Cognetics also makes another finding in America's Office Economy that concerns the amount of build-to-suit space being constructed today. "If employment growth is averaging between 1% and 2% per year, and build-to-suit construction is 1%, it will still take a long time to work off an 11.6% vacancy rate, particularly if this figure does not include sublease space," the report says. This is partially to blame for the slow decline in vacancy rates, reports Cognetics.
And despite overall high vacancies, many companies continue to build new space to consolidate all of their operations around the country.
Other findings in the Cognetics report that affect the future-to-past ratio are office employment growth and construction needs.
As far as office employment growth goes, the top five markets over the next 10 years include Los Angeles, New York, San Francisco, Chicago and Washington, D.C., in that order.
This, along with the No. 1 ranking of San Francisco for needed construction over the next 10 years, shows that, other than Southern California, is definitely making a comeback in the office sector.
Other markets with the highest needs for construction are Washington, D.C., Chicago, Atlanta and Boston, respectively.
For more information or a copy of this report, please contact Cognetics Inc. at 100 Cambridge Park Drive, Cambridge, MA 02140. Cognetics' telephone number is (617) 661-0300 and the fax number is (617) 661-0918.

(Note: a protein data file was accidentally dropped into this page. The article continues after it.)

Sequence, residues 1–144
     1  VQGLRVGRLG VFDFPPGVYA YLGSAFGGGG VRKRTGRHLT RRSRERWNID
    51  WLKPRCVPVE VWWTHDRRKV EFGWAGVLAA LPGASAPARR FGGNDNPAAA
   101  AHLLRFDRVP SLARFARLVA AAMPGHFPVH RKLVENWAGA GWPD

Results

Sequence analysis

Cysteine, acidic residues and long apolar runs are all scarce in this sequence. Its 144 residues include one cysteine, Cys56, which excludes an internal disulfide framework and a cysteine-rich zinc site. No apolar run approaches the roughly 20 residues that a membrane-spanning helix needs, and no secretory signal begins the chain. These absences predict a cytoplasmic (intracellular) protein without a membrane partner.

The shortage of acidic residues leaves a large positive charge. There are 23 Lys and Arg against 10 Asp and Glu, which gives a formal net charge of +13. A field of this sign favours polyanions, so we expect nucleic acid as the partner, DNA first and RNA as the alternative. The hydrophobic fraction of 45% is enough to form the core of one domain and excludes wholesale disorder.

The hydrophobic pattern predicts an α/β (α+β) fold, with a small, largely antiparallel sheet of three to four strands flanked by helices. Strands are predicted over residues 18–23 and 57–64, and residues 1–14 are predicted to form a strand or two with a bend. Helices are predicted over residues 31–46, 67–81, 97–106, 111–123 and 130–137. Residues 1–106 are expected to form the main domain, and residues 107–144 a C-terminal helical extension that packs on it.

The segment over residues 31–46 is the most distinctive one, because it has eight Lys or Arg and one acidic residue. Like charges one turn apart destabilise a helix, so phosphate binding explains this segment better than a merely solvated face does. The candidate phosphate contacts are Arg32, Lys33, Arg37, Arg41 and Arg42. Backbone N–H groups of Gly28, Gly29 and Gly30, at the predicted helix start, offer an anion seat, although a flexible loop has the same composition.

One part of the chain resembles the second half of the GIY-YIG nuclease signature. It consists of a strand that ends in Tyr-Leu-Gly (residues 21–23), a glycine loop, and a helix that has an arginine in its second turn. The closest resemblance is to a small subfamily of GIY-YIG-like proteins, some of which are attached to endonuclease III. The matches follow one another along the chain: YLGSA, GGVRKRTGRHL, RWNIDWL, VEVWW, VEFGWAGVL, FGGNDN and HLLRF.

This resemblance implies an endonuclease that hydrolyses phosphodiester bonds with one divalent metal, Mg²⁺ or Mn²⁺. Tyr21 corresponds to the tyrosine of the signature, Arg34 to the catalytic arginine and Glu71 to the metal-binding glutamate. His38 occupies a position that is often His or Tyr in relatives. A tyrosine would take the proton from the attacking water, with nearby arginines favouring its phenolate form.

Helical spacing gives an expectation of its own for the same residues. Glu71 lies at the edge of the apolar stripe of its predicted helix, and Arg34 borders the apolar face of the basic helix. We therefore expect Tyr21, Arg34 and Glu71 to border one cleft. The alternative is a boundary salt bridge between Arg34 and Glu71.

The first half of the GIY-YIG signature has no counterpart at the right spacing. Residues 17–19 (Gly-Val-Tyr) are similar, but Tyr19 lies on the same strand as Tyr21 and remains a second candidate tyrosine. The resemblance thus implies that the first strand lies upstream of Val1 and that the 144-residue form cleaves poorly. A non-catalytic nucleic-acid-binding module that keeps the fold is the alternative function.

Year-end cap rate/pricing data provided by PIX
NREI is featuring a yearend update on the state of multifamily, office and retail market cap rates and prices nationwide. This data is provided to us by Property Information Exchange (PIX), based in New York. PIX is an innovative information service that links qualified institutional investors with an ever-expanding pool of investment grade properties totaling over $3 billion. This data is an empirical measure of what more than 700 of the largest real estate investors and advisory firms are chasing into 1998.
Multifamily: Based on the year-end 1997 numbers, multifamily market cap rates were 11.3% nationwide in December, down from 11.17% in December 1996. The average for the year was 11.2%.
In pricing terms, PIX data indicates that for 1997, the price per sq. ft. remained relatively stable throughout the year, showing a slight year-end decrease of $57.54 per sq. ft. vs. $57.84per sq. ft. in December 1996. The average for the year was $57.62 per sq. ft.
Office: Based on the year-end numbers, office market cap rates were 10.33% nationwide in December, up from 10.23% in December 1996. The average for the year was 10.33%.
In pricing terms, PIX data indicates that for 1997, the price per sq. ft. rose steadily throughout 1997, showing a year-end increase of $88.45 per sq. ft. vs. $82.96 in December 1996. The average for the year was $86.05 per sq. ft.